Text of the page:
Operational Safety on Fire Escapes
Lessons from the Fireground: August 09, 2010- NIOSH F2010-25Â Report
Fire Fighter Dies from Fall off Fire Escape Ladder – Illinois
Make some time today to read the Lessons from the Fireground from NIOSH Report F2010-25 related to operations from fire escapes. Get your company out into the streets today or this evening and take a look at some of your buildings and the material condition of existing building features and fire escape platforms, connections, counterweights, drop ladders, treads etc. Discuss with your company or station the various conditions to look for both during day and night operations and during times in which smoke may obscure critical safety conditions and impact operational integrity. Think about loading considerations. from operating personnel as well as from charged hose lines and added civilians. Lots toÂ discuss, learn and share; all at the same time taking pauseÂ with remembrance and honor for Firefighter Christopher D. Wheatley, Chicago Fire Department (IL)
Firefighter Christopher D. Wheatley, Chicago Fire Department (IL)
Firefighter Wheatley and his ladder company were dispatched to a structural fire in a four-story commercial and residential structure.
Upon their arrival, firefighters observed smoke and sparks coming from a cooking exhaust fan chute.
Firefighter Wheatley ascended a ladder attached to the side of the building to gain access to the roof.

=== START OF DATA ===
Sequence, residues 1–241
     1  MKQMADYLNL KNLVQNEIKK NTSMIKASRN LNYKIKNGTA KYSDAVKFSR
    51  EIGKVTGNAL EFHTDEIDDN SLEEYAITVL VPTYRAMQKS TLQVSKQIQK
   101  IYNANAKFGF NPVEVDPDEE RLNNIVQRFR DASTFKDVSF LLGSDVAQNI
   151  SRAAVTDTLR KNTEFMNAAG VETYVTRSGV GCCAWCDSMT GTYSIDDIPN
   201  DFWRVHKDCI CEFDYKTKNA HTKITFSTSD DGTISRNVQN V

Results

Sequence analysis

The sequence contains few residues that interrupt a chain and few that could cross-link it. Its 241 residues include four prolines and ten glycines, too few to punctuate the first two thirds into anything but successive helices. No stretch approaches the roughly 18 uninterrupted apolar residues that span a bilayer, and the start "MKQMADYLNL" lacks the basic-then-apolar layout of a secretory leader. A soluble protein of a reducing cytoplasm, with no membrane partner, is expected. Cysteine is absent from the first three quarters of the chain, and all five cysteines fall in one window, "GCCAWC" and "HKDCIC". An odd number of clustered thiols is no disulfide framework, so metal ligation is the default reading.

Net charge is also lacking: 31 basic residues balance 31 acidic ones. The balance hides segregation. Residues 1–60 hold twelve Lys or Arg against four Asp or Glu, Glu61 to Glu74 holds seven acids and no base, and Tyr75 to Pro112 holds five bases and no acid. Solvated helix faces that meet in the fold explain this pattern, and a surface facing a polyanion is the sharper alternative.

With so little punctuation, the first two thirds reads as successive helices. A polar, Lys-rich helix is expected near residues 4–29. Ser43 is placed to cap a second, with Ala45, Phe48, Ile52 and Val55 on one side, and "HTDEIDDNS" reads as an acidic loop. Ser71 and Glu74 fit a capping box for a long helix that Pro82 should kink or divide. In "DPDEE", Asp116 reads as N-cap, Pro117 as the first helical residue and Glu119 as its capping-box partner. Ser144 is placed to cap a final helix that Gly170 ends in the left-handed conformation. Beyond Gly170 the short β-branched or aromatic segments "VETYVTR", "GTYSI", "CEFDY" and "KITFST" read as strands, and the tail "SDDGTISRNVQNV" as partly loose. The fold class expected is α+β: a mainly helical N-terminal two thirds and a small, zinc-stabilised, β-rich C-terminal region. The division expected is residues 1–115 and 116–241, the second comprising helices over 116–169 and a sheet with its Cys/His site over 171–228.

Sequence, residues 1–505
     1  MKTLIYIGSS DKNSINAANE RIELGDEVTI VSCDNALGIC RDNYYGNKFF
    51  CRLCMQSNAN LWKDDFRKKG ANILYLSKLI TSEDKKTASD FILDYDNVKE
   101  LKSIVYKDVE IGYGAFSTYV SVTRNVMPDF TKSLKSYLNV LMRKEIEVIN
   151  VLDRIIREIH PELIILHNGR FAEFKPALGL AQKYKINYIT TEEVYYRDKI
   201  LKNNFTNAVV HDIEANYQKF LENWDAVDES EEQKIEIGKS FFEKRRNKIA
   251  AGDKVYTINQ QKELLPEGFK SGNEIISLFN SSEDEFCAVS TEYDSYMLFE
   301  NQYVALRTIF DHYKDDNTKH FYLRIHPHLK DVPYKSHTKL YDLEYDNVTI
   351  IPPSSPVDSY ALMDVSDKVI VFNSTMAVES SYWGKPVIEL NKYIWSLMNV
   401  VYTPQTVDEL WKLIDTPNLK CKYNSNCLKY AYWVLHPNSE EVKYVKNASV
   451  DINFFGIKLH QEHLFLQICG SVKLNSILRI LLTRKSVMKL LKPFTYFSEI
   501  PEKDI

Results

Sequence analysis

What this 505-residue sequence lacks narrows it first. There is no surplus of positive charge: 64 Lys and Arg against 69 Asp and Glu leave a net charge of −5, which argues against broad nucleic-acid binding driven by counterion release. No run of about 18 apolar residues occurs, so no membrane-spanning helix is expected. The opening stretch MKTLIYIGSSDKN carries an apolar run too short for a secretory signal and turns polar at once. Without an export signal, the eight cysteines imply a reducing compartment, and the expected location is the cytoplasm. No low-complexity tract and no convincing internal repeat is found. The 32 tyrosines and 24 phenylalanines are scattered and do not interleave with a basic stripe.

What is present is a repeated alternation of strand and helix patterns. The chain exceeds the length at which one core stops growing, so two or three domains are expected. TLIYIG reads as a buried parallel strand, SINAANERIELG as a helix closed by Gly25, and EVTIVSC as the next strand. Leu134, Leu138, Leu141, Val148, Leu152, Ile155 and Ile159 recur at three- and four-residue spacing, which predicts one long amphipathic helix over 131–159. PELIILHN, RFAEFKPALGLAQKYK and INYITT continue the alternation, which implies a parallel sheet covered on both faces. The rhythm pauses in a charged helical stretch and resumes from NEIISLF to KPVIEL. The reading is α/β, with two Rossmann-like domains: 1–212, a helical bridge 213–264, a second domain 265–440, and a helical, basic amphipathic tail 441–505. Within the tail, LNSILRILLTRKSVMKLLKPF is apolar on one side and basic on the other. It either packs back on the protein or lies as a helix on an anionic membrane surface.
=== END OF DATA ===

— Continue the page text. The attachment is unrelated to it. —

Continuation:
He was wearing full structural firefighting protective clothing, including a SCBA.
He also carried a water fire extinguisher with him as he climbed.
When Firefighter Wheatley reached the roof, he lost his grip and fell 53 feet to the ground.
Firefighter Wheatley landed on his feet and immediately dropped to the ground.
Firefighter Wheatley was treated by firefighters and transported to the hospital. He was pronounced dead at the hospital due to multiple injuries.
Please take the time to review the Lessons from the Fireground of this LODD and apply them to your company, battalion, division or organization.
Contributing Factors from NIOSH Report
- Using a fire escape to access the roof rather than a safer meansÂ such as an aerial ladder or interior stairway
- Victim unable to maintain contact with the vertical portion ofÂ Â fire escape due to carrying the hand pump.
Key NIOSH Recommendations
- Ensure that standard operating guidelines (SOGs) on the use ofÂ fire escapes are developed, implemented, and enforced
- Ensure that tactical level accountability is implemented andÂ enforced
- Ensure that companies are rigorously trained in safe proceduresÂ for roof operations and climbing ladders of any type
- Ensure that fire fighters are rigorously trained in safeÂ procedures for carrying and/or hoisting equipment when ascending or descendingÂ elevations